AAO leverages more out of the traditional biochemistry of assay development by combining it with statistics and robotics for speedier and more precise information. The process imports a statistical design from a commercial statistical package (e.g., Design Expert, Minitab, JMP, Statistica), converts it into a robotic protocol with randomizations, carries out the liquid handling, and then parses the data for export back to the statistical package. Data are typically acquired from a detector readout in standard plate format before statistical optimization of assay conditions. There are no requirements of detection modalities that typically include fluorescence, absorbance, or luminescence. While AAO has been developed as a commercial product, many organizations have developed the capability of unifying DOE, robotics, and statistical analysis with inhouse software solutions.
The three facets of AAO can be described as follows.
Biochemistry
This is the science behind AAO. Therapeutic teams identify targets, generate experimental methods associated with factors of biological relevance including reagent concentrations, buffer components such as salts, reducing agents, temperature, pH, osmotic/viscosity regulators, and provide information on factors detrimental to the assay. For each experiment, assay steps including dispense volumes, order of addition, and incubation times are programmed in as elements of the robotic methods.
Robotics
A Biomek FX Liquid Handling Workstation from Beckman Coulter handles the robotic needs. Before AAO was developed, programming was manual, and it took up to 2 weeks to generate proof of concept data. Using AAO, it is now feasible in a single day to import the statistical design, create plate maps and liquidhandling methods, run the assay, and collect the data. (See also Automatic Programming) Typically, statistical designs are selected so that an experiment can be run in one to six 384well plates. Figure 3 shows what the graphic interface looks like when running liquidhandling methods.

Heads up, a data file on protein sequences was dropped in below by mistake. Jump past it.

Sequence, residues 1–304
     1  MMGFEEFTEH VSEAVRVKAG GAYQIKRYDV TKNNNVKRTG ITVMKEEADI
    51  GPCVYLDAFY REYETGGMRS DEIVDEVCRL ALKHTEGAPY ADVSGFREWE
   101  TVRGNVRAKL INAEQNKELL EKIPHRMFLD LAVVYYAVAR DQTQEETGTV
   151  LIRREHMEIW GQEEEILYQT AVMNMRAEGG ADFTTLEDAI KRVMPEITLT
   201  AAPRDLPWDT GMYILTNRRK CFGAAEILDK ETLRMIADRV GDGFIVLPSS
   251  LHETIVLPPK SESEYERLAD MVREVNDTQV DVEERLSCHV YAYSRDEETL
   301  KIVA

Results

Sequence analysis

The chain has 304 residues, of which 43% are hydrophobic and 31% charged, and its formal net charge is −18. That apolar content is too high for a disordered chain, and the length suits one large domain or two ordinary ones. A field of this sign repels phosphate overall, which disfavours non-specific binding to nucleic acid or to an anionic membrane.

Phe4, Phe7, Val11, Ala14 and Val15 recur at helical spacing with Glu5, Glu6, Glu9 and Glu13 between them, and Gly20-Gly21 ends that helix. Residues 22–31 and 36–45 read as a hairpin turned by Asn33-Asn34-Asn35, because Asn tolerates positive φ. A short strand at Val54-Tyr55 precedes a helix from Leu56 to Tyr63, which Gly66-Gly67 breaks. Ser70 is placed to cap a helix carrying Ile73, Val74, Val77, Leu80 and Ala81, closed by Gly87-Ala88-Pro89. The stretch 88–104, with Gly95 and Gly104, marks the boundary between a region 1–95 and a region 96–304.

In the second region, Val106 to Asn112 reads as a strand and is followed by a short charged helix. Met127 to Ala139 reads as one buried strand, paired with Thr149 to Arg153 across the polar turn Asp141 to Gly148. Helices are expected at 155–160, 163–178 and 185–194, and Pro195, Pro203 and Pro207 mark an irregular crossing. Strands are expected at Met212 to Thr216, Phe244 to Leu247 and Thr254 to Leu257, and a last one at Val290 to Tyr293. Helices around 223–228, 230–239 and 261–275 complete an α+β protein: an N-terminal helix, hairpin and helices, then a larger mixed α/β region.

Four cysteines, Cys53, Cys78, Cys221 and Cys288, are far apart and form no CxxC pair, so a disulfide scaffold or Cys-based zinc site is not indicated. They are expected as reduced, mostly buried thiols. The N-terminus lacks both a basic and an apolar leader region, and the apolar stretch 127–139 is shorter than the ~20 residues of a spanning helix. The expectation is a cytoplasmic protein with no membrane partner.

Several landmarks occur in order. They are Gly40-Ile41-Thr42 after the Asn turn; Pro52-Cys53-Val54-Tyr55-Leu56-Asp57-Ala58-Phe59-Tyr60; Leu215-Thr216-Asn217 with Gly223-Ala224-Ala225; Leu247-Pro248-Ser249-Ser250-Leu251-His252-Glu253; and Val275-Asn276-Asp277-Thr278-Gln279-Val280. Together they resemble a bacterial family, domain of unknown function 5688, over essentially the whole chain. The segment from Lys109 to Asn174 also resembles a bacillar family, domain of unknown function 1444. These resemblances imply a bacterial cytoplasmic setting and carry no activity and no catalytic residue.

Figure 3. Graphic interface showing source, destination, and randomized delivery patterns on a Biomek FX. 
Statistics
A statistically designed experiment is used to efficiently gain information on the factors affecting the assay response (signal, S/B, Z′, stability, etc.). This provides information on the relationship between factors and response, interactions among factors, random experimental variation, and conditions that optimize the assay. A partial example of factors and levels as constructed by a statistical package for export to AAO is shown in Figure 4.
Data analysis, model development, and interpretation
After an experiment has been run, the following steps are typically implemented:
 The data set is validated, ensuring good agreement across replicates and identification of spurious outliers.
 The data are reviewed to ensure that the expected range of values has been obtained. The best test results are identified.
 Data are imported into the statistical package.